West Hollywood has sued the city of Los Angeles to block construction of an 11-story Ma Maison hotel and restaurant just across the city line.
The suit filed in Superior Court on Monday alleges that if the proposed luxury hotel and French restaurant is built, it will increase traffic congestion, exacerbate parking problems, increase noise and cast a shadow over a neighborhood of single-family homes.
It came after months of talks among residents, the developer and officials of both cities failed to arrive at a compromise.
The suit focuses on a procedural point, arguing that the city of Los Angeles erred six years ago by failing to amend its general plan to reflect the annexation of a sliver of land making up about a third of the hotel property.
"It's very technical, but what we're saying is that the amendment to the general plan wasn't done properly at the time of the annexation," said West Hollywood City Councilman Alan Viterbi.
Asst. Los Angeles City Atty. Claudia McGee Henry said she will argue in court that the 1979 annexation was carried out "in full compliance with all applicable laws. We don't think their argument has any merit on that score."
But, Viterbi said, "We are looking at this as a means to require the city of Los Angeles to use the environmental review process to measure the impact of this project, or at a minimum to go back to the community and hold hearings on rezoning the property. You'd hear an overwhelming outcry."
The suit asks for an injunction barring the city of Los Angeles from issuing the permits necessary for the project to go ahead. It also asks that the developer be prevented from starting work on the project.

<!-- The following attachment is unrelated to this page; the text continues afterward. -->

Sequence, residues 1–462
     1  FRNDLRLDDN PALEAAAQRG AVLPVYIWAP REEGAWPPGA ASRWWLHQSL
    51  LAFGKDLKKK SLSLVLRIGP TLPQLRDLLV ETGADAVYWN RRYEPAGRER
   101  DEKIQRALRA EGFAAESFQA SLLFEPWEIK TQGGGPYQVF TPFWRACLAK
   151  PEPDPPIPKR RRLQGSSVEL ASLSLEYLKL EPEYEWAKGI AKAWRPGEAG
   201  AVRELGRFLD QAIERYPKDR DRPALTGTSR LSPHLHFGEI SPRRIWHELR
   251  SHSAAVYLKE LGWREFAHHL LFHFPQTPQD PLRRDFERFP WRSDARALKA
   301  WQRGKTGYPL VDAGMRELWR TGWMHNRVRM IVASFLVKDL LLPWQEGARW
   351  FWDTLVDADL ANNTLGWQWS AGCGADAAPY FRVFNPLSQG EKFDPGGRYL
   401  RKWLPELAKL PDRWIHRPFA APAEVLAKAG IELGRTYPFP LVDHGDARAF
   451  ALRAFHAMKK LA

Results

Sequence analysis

Although the Los Angeles city attorney's office had no immediate comment, lawyers for developer Sheldon Gordon said they hope to have the suit dismissed when it comes up for a hearing next month.
Current zoning, which does not require specific approval for such a project, would allow construction of an even bigger building on the site, Gordon's lawyers said.
As for West Hollywood's argument about failure to amend the general plan, "we say that was not required, because the plan is a general outline, and as long as you derive guidance from that document, that's sufficient," said attorney Ronald J. Silverman.
"Basically we believe that the legal theories amount to an attempt to obstruct this development," said attorney Jonathan L. Kirsch. "They do not address the merits of the project itself or the merits of the zoning. That's pretty dramatic evidence of how spurious their complaint really is."
Michael Jenkins, West Hollywood's city attorney, acknowledged that the suit was based on a procedural question. But he said it was important nonetheless.
"That technical problem may in some eyes be viewed as technical, but in other eyes it is seen as critical," he said. "They are going to build an 11-story hotel immediately next door to a longstanding single-family neighborhood, and they've never had to determine what kind of environmental impact it's going to have. They can do that, apparently, because of the way the L.A. ordinance is written. That seems to us to be objectionable, because it's a project of major magnitude."
The site occupies an uneven island of land at the northwest corner of La Cienega and Beverly boulevards. Most of it has always been in Los Angeles, but the area in question, which lies along Beverly Place, was part of unincorporated county territory until it was annexed in 1979.
Despite the five-year backlog in civil cases in the Los Angeles Superior Court, West Hollywood's suit is expected to come up for a hearing soon because the city is asking for an injunction to stop work that could begin at any time.